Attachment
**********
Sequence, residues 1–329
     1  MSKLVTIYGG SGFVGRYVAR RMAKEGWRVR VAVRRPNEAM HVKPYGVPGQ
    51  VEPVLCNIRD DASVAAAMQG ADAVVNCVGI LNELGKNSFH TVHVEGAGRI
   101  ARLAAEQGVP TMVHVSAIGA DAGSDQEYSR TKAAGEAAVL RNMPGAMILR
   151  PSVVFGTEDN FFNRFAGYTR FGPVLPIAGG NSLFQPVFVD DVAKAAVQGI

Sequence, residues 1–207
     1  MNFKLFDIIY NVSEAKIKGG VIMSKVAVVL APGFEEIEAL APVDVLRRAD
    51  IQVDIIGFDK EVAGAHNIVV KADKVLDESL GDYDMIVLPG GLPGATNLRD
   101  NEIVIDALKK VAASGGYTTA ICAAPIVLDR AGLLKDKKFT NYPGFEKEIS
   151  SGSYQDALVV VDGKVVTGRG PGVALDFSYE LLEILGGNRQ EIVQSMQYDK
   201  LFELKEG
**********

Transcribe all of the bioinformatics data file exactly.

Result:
Sequence, residues 1–329
     1  MSKLVTIYGG SGFVGRYVAR RMAKEGWRVR VAVRRPNEAM HVKPYGVPGQ
    51  VEPVLCNIRD DASVAAAMQG ADAVVNCVGI LNELGKNSFH TVHVEGAGRI
   101  ARLAAEQGVP TMVHVSAIGA DAGSDQEYSR TKAAGEAAVL RNMPGAMILR
   151  PSVVFGTEDN FFNRFAGYTR FGPVLPIAGG NSLFQPVFVD DVAKAAVQGI

Sequence, residues 1–207
     1  MNFKLFDIIY NVSEAKIKGG VIMSKVAVVL APGFEEIEAL APVDVLRRAD
    51  IQVDIIGFDK EVAGAHNIVV KADKVLDESL GDYDMIVLPG GLPGATNLRD
   101  NEIVIDALKK VAASGGYTTA ICAAPIVLDR AGLLKDKKFT NYPGFEKEIS
   151  SGSYQDALVV VDGKVVTGRG PGVALDFSYE LLEILGGNRQ EIVQSMQYDK
   201  LFELKEG